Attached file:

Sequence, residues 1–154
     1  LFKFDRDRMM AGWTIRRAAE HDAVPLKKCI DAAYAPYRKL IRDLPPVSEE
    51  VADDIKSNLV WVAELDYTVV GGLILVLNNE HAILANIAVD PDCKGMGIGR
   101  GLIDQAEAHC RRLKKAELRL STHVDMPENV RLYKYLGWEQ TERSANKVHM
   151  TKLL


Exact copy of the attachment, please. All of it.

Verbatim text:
Sequence, residues 1–154
     1  LFKFDRDRMM AGWTIRRAAE HDAVPLKKCI DAAYAPYRKL IRDLPPVSEE
    51  VADDIKSNLV WVAELDYTVV GGLILVLNNE HAILANIAVD PDCKGMGIGR
   101  GLIDQAEAHC RRLKKAELRL STHVDMPENV RLYKYLGWEQ TERSANKVHM
   151  TKLL